• TTW tell students that during the lesson, they will be assigned a partner to work with to design a roller coaster. (W) to do so while making the roller coaster safe, they will need to know basic facts about potential and kinetic energy.11/11/2011 AMLE Hunt
STAGE 3 LEARNING PLAN
  • Learning Activities:
  • TTW have a brief discussion about potential and kinetic energy. Develop a class definition and write it on the whiteboard for both ideas. Examples follow:
  • Potential Energy – The energy of an object at rest
  • Kinetic Energy – The energy of an objects in motion11/11/2011 AMLE Hunt
STAGE 3 LEARNING PLAN
  • TTW divide students into pairs and have each get the materials for the lesson.
  • TLW consider the design of a roller coaster and attempt to make a coaster with at least three hills. (E) While the activity is occurring, TTW (at appropriate times) ask students the following:11/11/2011 AMLE Hunt
STAGE 3 LEARNING PLAN
  • What do you think affects the amount of potential energy the roller coaster will have?
  • What do you think is the safest way to travel down the first hill?
  • How do you think the coaster should come over the second hill? 11/11/2011 AMLE Hunt
STAGE 3 LEARNING PLAN
  • How high should the consecutive hill be compared to the one before it?
  • How high should the previous hill be if a loop is to be on the coaster?
  • What would the safest shape of a loop be (circular or elliptical)? 11/11/2011 AMLE Hunt
STAGE 3 LEARNING PLAN
  • TLW draw their coaster designs out to scale and share their drawings with the class. Ask the students to point out the safest and most exciting designs. (E2)
  • TTW conclude the lesson by correcting any safety standards violations in their designs. (R ) Whatever mistakes are made should be reviewed in a summary paragraph.

11/11/2011 AMLE Hunt

WHITE CUBE (Facets of Understanding)
  • How does the height of the roller coaster at the beginning affect the available energy later on? (E)
  • How can you use the properties of kinetic and potential energy to make a more exciting roller coaster? (A)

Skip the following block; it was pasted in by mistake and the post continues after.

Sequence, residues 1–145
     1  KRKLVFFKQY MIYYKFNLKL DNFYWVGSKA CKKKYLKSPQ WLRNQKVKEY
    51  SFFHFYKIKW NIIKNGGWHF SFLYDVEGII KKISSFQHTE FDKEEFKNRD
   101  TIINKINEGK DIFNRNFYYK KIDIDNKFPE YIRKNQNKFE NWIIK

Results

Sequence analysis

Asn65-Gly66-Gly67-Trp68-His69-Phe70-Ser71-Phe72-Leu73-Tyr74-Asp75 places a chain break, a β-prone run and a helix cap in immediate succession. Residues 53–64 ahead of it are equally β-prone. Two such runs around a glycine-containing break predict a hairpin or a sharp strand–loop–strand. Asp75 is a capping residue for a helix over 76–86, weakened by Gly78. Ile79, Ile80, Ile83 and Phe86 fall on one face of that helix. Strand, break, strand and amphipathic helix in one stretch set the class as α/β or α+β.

• Why should the concepts of potential and kinetic energy matter to you? (I)

11/11/2011 AMLE Hunt

WHITE CUBE (Facets of Understanding)
  • How do you react to the various coaster you’ve ridden? Aren’t some more exciting than others? Can certain coasters be too exciting? (Em)
  • How do you know if you’ve properly applied your knowledge of potential and kinetic energy to the roller coaster you designed? (SK)
  • Given a constant ratio of the height of the coaster to its valleys and peaks, can the coaster be too large or too small? (P)

11/11/2011 AMLE Hunt

Red Cube (Bloom’s Taxonomy)
  • Define kinetic and potential energy. (BK)
  • Give examples of situations where there is an object that displays kinetic energy and an object that has potential energy? (BC)
  • Construct a chart or graph that displays the change in potential energy of a ball rolling down a hill. (BA) 11/11/2011 AMLE Hunt
Red Cube (Bloom’s Taxonomy)
  • Create a diagram or drawing that compares and contrasts the basic differences between kinetic and potential energy. (BN)
  • Compose a plan for an investigation that would prove the concepts of potential and kinetic energy. (BS)
  • Describe how you would explain potential and kinetic energy to a younger sibling. (BE) 11/11/2011 AMLEHunt
ThinkDOTS (Sternberg’s Triarchic Theory)
  • Diagram how stored potential energy affects kinetic energy when it is released. (SA)
  • Based on your experience, explain how the concept of potential energy can be used. (SP)
  • Use unusual materials to explain potential and kinetic energy. (SC)

11/11/2011 AMLEHunt

ThinkDOTS (Sternberg’s Triarchic Theory)
  • Identify the key parts of potential and kinetic energy. (SA)
  • Demonstrate how someone uses the concept of potential and kinetic energy. (SP)
  • Become a spring and use your new perspective to help us think about potential energy. (SC) 11/11/2011 AMLEHunt